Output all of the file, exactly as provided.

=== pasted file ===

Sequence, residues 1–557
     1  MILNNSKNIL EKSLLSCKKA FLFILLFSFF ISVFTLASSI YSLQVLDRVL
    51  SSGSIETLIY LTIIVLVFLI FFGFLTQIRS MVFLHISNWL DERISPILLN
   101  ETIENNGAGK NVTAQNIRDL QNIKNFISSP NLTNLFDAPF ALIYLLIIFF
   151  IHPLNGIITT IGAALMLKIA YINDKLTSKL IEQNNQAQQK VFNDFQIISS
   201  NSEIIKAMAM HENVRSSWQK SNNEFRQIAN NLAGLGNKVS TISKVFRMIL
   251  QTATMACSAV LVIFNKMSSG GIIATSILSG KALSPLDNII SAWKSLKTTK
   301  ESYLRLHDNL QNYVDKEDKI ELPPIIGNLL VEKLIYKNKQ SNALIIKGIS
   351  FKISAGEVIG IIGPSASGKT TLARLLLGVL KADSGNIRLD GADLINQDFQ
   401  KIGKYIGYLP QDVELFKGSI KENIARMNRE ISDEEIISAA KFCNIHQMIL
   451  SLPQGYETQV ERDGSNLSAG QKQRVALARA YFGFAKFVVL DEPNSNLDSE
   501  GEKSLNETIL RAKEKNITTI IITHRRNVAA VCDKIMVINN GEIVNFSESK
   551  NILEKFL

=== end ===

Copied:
Sequence, residues 1–557
     1  MILNNSKNIL EKSLLSCKKA FLFILLFSFF ISVFTLASSI YSLQVLDRVL
    51  SSGSIETLIY LTIIVLVFLI FFGFLTQIRS MVFLHISNWL DERISPILLN
   101  ETIENNGAGK NVTAQNIRDL QNIKNFISSP NLTNLFDAPF ALIYLLIIFF
   151  IHPLNGIITT IGAALMLKIA YINDKLTSKL IEQNNQAQQK VFNDFQIISS
   201  NSEIIKAMAM HENVRSSWQK SNNEFRQIAN NLAGLGNKVS TISKVFRMIL
   251  QTATMACSAV LVIFNKMSSG GIIATSILSG KALSPLDNII SAWKSLKTTK
   301  ESYLRLHDNL QNYVDKEDKI ELPPIIGNLL VEKLIYKNKQ SNALIIKGIS
   351  FKISAGEVIG IIGPSASGKT TLARLLLGVL KADSGNIRLD GADLINQDFQ
   401  KIGKYIGYLP QDVELFKGSI KENIARMNRE ISDEEIISAA KFCNIHQMIL
   451  SLPQGYETQV ERDGSNLSAG QKQRVALARA YFGFAKFVVL DEPNSNLDSE
   501  GEKSLNETIL RAKEKNITTI IITHRRNVAA VCDKIMVINN GEIVNFSESK
   551  NILEKFL